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Blockchain, analytics and machine learning will change how government delivers services in the next two years, but institutional barriers are slowing progress, Deloitte says.
Colin Wood is the managing editor of StateScoop. Before that, he was a staff writer for Government Technology magazine. Before that, he taught Engl...
Emerging technologies like blockchain and "dark analytics" are poised to change the face of public-sector IT within the next two years, but government's readiness to adopt is a mixed bag, according to a Deloitte report published Wednesday.
The infographic-style report — called Tech Trends 2017: The kinetic enterprise — rates seven emerging technologies on their relevance to government and rates government's readiness to join those trends. The technologies in the report mirror many of those featured in StateScoop's emerging tech package last month. The trends included in the Deloitte report are:
Using a 1-to-5 scale, some technologies are deemed more important than others by researchers, but government's readiness on any given trend is never rated higher than a 3. For instance, a trend Deloitte calls "IT unbounded," which deals with consolidation and organizational restructuring, is given a maximum relevance rating of 5, while government's readiness is rated only at a 3.
Sanjay Shah, principal of public sector at Deloitte, explained that government is often less capable of taking the risks needed to take advantage of today's top emerging technologies.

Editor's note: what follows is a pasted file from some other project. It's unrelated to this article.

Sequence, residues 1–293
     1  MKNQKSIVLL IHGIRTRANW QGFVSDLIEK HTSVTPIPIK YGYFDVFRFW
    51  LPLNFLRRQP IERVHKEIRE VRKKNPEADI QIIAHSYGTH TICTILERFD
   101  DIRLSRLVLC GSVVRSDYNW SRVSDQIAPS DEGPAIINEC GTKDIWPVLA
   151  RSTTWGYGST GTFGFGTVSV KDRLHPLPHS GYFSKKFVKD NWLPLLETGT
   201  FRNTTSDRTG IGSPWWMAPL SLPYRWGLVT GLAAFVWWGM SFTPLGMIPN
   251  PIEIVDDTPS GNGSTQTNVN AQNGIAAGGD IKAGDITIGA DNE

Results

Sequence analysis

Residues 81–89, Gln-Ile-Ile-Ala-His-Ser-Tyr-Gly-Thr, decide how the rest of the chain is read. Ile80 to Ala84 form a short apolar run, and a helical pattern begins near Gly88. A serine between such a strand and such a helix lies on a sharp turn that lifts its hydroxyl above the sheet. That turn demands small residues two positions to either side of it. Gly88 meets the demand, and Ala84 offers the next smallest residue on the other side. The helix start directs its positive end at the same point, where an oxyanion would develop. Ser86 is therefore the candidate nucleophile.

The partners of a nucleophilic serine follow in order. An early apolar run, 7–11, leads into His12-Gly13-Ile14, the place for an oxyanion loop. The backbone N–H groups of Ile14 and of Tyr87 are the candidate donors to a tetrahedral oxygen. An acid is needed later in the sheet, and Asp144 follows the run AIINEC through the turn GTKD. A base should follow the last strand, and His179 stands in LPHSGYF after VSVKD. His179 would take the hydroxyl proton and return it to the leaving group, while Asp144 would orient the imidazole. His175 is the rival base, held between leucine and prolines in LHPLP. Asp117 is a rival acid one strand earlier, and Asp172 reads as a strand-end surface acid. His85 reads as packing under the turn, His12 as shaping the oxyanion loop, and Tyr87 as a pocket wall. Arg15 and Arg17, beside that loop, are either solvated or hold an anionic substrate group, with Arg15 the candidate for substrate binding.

"It definitely takes time to experiment on some of these technologies, but cost is also a factor, so unless there is some proven benefit, it takes the governments a little longer to adapt to some of these," he said.
These challenges aren't insurmountable, Shah said, and while government is unlikely to overtake the rapid growth seen in the private sector, a growing trend of public-private partnerships will help close the gap.
Relevance and trust ratings were developed by surveying the vendor's "leaders who serve government clients across various industries in tandem with a research team that examined how the trends were being adopted throughout government," according to a statement from the company.
"When I look at some of these trends, what is more surprising is why they're not being used as much," Shah said. "But when you start talking to people, I think everybody knows how to use it and some may already be putting some into practice."
Dark analytics, for example, could be used by government agencies seeking to find cases of child abuse earlier than they are found today. By scouring Facebook for children who mention being abused, protective services could intervene sooner. But privacy laws and institutional standards slow these types of technological advances.
"One thing I have noticed over the last few years is cities seem to be much more innovative and much more ready to get into some of this innovation and technology as compared to states," Shah said. "Maybe just the need is higher there, which is really causing some of this innovation."
Despite a trend toward cities government on new technology, the report calls out Illinois' unique modernization efforts as a paragon of next-generation technology. At all levels of government and all areas of society, technology's progress is inevitable, Shah said, so there's no sense avoiding it.
"It's much better to reach out to people, either internally or there are a lot of think tanks and vendors like Deloitte, who know how to use this, who have done this, so getting help on these [technologies] and being adaptive will put them on the forefront, rather than waiting on somebody else to figure it out and waiting a few years before they implement it themselves," he said.
The full report can be found here.